This year sees Rebecca launching an assault on the Toronto music scene, following a succesful tour through southern Ontario last year and the singer is already working on new material for an album.

To check out Rebecca’s music visit her MySpace page.

Incura out too smash down metal perceptions

Posted by rlatham On November - 30 - 2009

incura

Written by: Rob Latham

Too often metal bands are judged as being angry and hate the world because of their loud, thrashing sound but Vancouver-based Incura are hell bent on changing this false perception.

Incura‘s unique blend of heavy aggressive yet melodic rock makes for an intoxicating, refreshing sound fused with the intriguing influences of frontman Kyle Gruninger‘s theatrical and operatic upbringing.

The result of this is an interesting mix of hardcore emo meets punk rock meets metal, as seen best in the hugely enjoyable tracks ‘Here To Blame’ and ‘Between The Walls.’ Yet Gruninger himself recognizes their chosen style does not tick the boxes for bands who want to make it big on the current music scene, but in no way is he willing to conform to the pop-orientated mainstream.

“We know what everybody thinks of us for sure, it’s no secret that people say, ‘OK, you guys are a little too extreme,’” said Gruninger.

“I don’t want to change it but I’d really like to trick everybody. They say ‘Kyle, you can’t write a 7-minute epic to go on the radio’ but Metallica can and Freddie Mercury did it.

“Even Queen had their ‘We Will Rock You’ and I can do that, I can write that hit if I really need to but it’s not a focus at all. They’ll still say the new stuff we’ve written is too long and too heavy with too many screams and not enough melody.”

Gruninger‘s theory on music is also refreshing, he takes an interest in the history of music, harking back to classical composers like JS Bach and Mozart, whom he admires for their willingness to experiment.

But the proof of the pudding when it comes to Incura is in their live shows, which are more of an experience than just a gig thanks to Gruninger’s theatre background, something he believes is essential in order to convince people to dig into their pockets and see live bands.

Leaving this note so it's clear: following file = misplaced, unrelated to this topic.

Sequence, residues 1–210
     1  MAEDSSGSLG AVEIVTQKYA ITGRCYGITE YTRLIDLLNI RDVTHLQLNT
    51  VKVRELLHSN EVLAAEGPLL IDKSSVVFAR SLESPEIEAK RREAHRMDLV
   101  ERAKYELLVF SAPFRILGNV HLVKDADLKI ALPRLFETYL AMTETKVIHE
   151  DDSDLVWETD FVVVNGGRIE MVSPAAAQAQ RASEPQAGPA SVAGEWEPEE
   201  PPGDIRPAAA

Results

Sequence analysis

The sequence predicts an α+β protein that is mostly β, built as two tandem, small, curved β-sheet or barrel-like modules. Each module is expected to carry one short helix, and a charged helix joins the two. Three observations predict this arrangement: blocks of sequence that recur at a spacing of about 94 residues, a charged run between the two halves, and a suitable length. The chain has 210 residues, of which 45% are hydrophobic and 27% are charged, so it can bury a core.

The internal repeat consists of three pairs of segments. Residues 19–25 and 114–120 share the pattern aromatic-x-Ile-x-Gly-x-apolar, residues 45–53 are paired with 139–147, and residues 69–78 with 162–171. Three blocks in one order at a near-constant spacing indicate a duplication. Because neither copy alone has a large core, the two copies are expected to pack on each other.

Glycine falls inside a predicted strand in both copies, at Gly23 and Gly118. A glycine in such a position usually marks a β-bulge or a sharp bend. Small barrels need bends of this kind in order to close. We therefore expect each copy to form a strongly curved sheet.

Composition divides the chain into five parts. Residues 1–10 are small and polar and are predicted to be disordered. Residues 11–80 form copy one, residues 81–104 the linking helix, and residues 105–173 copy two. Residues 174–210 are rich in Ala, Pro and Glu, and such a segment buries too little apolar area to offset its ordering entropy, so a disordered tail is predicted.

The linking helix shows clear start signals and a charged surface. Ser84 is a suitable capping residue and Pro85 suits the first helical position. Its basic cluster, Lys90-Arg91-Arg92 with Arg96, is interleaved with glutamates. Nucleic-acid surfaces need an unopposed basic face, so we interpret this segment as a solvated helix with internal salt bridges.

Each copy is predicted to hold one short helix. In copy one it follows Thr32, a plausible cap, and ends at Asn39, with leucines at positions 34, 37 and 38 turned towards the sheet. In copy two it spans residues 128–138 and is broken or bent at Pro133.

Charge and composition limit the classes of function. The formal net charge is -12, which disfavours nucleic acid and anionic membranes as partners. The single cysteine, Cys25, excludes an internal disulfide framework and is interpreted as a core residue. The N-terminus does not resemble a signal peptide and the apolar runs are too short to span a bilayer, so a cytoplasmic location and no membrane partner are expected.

Gruningen said: “The theatre background gave me a springboard to always make a live show out of everything instead of just standing there playing a guitar.

“It’s all about our stage presence in general, I’m not talking about props with all the fire and the skulls everywhere. I wish I could do that but it’s too 80′s and glam rock is dead apparently, plus my band would kick the shit out of me.

“You have to give people a reason to go: the music, the show, a video release or something that makes them think they’re going to miss something if they don’t go.”

Incura’s big break in the music world came last year when they won Seeds, the Vancouver battle of the bands competition entered by thousands of bands, a moment Gruninger picks out as the single best in his career thus far and hopes the band will be able to build on in the near future.

“It was that candy moment I really enjoyed,” he said. “It was a step of accomplishment that I worked really hard for as it was kind of like a pat on the back that I didn’t want to be the end, I’ve had to work twice as hard since then.”

While admitting being in a band is a great lifestyle Gruninger also alludes to the difficulties of being on tour, away from family and friends and with no social life for months on end.

“That’s how people get drug addictions, there’s nothing to do,” he explains. “You play late at night for an hour but get into town at 9am with nowhere to stay so you’re in the van for ten hours a day with no money – what do you do? Take drugs?

“That’s what happens to lots of people. You get bored and you can’t sleep and end up getting insomnia so you get sleeping pills, then you’re sore from the road so you take painkillers and then uppers to wake you up for the show and then drink and caffeine – it’s a dangerous chemical world when you think about it.”

The band is currently working on new material with an eye on heading out to Vancouver Island in January and a full-Canada tour in February culminating in performing at the Canadian Music Week, in Toronto, in March.

To check out Incura’s music and videos visit their website or MySpace page.

Small-town girl ready for big city success

Posted by rlatham On November - 25 - 2009

sara

Written by: Rob Latham

Photo by: Sai Sivanesen

The classic story of small-town girl looking to make it big in the bright lights of the city is a dream almost come true for pop singer/songwriter Sara Giguere.

Moving into a new decade sees the Toronto-based singer, who hails from the town of Iroquois Falls near Timmins, Ontario, going it alone in the music world and looking forward to the release of her debut single.

Having given up on the idea of trying to setup a band in Toronto, where she moved to fulfill her dream of being a musician, Giguere is now fully focused on a solo career with a new-found confidence in her undoubted singing talents.